Land was acquired. A school was begun. A Center was established and the ministry flourished. In time, two hundred forty six children found hope for the future.

As the Center grew, more land was acquired, some given by local chiefs, some purchased at reduced rates. Vegetables and crops were planted for food. The children were becoming a part of the community. They were receiving an education, health and dental care and spiritual nourishment. They were being introduced to a Father that loves them beyond comprehension. They began learning about a Savior that died for their sins, a Savior that conquered sin, death and Satan. They began learning about Jesus Christ. Many have accepted Him as their personal Lord and Savior, receiving hope and assurance of their future.

As time progressed, it became apparent that families taking care of the orphaned children were in need of help. Most homes were headed by widows. They had difficulty putting food on the table. They were barely surviving. A micro-loan program was begun. Loans were given to women, allowing them to start their own businesses. Women would use the money to purchase a product wholesale and turn a profit once it was sold retail at local markets.

In the fall of 2008, Bisoke and Furaha, along with staff and community members, gathered up the remaining orphaned children in Bunia. The number of children under the care of BCHC grew to five hundred.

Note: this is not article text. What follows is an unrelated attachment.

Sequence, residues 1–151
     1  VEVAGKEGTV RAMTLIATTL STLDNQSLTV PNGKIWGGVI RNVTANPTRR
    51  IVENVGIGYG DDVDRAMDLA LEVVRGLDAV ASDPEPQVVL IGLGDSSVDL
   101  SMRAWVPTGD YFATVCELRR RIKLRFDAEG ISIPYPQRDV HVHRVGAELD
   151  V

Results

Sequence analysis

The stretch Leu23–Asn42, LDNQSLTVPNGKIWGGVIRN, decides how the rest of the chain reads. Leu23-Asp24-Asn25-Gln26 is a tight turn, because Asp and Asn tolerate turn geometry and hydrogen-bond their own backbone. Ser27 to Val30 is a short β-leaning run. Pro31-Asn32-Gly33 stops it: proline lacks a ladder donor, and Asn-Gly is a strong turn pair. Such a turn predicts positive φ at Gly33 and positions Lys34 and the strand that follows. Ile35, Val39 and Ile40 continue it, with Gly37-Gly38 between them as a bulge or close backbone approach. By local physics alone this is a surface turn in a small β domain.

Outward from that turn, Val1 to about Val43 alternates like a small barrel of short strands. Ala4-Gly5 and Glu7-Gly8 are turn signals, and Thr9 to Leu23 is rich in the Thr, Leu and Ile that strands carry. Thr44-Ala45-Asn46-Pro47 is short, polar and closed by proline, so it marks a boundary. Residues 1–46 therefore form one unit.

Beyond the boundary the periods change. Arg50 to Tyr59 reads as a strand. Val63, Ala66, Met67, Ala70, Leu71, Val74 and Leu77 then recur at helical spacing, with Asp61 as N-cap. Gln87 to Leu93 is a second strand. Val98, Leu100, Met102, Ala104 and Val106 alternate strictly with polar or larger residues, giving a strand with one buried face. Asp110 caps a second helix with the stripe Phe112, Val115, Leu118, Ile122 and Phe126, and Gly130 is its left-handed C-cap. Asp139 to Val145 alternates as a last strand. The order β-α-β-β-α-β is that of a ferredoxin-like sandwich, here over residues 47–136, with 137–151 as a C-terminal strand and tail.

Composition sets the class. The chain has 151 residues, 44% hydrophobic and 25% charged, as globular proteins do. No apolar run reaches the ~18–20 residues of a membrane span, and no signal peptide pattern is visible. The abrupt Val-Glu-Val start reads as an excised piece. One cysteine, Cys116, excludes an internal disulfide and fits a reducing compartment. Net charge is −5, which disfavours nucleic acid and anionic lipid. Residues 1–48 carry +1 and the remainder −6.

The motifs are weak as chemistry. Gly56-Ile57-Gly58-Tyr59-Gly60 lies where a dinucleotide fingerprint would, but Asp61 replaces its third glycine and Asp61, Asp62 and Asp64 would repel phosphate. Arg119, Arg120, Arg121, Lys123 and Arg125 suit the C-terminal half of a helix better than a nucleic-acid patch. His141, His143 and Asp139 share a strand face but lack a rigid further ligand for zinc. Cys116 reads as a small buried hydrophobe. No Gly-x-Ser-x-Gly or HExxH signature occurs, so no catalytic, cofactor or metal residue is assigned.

I, Glenn Mork, happened to be in Bunia shortly after this had happened. I was staying at a local hotel. One morning at breakfast, a German businessman joined me. He is in the shipping business and travels extensively in the countries of Kenya, Uganda and DRC. We exchanged small talk and as I explained the work I was involved in, he sat up and said, “Now I know what it is!” He had been in Bunia for a week and knew there was something different about it but wasn’t able to comprehend what it was. Then he exclaimed, “There are no street children!” His excitement grew. He was astounded that this ministry had taken all of the orphaned children off the streets and placed them in individual homes! Indeed, His works are awesome.

In August of 2009, Bisoke and Furaha and other staff members searched the surrounding communities and added one hundred children to the Center. Today, six hundred children are under the care of this ministry. Of the six hundred children, five hundred twenty are orphaned, having lost both parents. The remaining eighty children have lost at least one parent and are abandoned and/or in need of care.
Today the ministry operates a school, a clinic and a farm.
In 2008, steps were taken in the United States to formalize the ministry at this end. A non-profit organization was formed. Its name is Hope Centers for Children of Africa (HCCA). The organization was formed to allow for greater access to grants, foundations and support from the business world.

Hope Centers for Children of Africa is registered in the State of Minnesota and is recognized by the Internal Revenue Service as a non-profit, 503(c) (3) orgainzation.  All contributions to HCCA are fully tax deductible.

Copyright © 2010 Hope Centers For Children Of Africa